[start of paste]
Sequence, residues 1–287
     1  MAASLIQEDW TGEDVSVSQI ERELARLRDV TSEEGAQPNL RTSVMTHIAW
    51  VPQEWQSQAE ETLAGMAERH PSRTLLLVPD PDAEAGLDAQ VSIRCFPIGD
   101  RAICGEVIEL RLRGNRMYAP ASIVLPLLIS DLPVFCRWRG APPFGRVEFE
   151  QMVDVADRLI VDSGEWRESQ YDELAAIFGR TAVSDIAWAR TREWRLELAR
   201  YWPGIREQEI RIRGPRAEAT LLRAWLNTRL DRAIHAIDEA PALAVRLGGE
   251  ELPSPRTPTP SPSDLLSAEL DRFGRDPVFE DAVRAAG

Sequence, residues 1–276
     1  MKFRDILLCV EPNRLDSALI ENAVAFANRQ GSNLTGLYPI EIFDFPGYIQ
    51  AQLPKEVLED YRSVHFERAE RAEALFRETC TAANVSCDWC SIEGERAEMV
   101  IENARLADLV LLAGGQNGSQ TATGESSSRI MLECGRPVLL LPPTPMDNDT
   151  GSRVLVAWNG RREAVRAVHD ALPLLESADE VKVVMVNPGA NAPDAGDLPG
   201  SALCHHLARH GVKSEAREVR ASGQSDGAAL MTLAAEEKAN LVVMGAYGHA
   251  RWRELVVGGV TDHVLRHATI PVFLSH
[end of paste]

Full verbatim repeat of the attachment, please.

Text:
Sequence, residues 1–287
     1  MAASLIQEDW TGEDVSVSQI ERELARLRDV TSEEGAQPNL RTSVMTHIAW
    51  VPQEWQSQAE ETLAGMAERH PSRTLLLVPD PDAEAGLDAQ VSIRCFPIGD
   101  RAICGEVIEL RLRGNRMYAP ASIVLPLLIS DLPVFCRWRG APPFGRVEFE
   151  QMVDVADRLI VDSGEWRESQ YDELAAIFGR TAVSDIAWAR TREWRLELAR
   201  YWPGIREQEI RIRGPRAEAT LLRAWLNTRL DRAIHAIDEA PALAVRLGGE
   251  ELPSPRTPTP SPSDLLSAEL DRFGRDPVFE DAVRAAG

Sequence, residues 1–276
     1  MKFRDILLCV EPNRLDSALI ENAVAFANRQ GSNLTGLYPI EIFDFPGYIQ
    51  AQLPKEVLED YRSVHFERAE RAEALFRETC TAANVSCDWC SIEGERAEMV
   101  IENARLADLV LLAGGQNGSQ TATGESSSRI MLECGRPVLL LPPTPMDNDT
   151  GSRVLVAWNG RREAVRAVHD ALPLLESADE VKVVMVNPGA NAPDAGDLPG
   201  SALCHHLARH GVKSEAREVR ASGQSDGAAL MTLAAEEKAN LVVMGAYGHA
   251  RWRELVVGGV TDHVLRHATI PVFLSH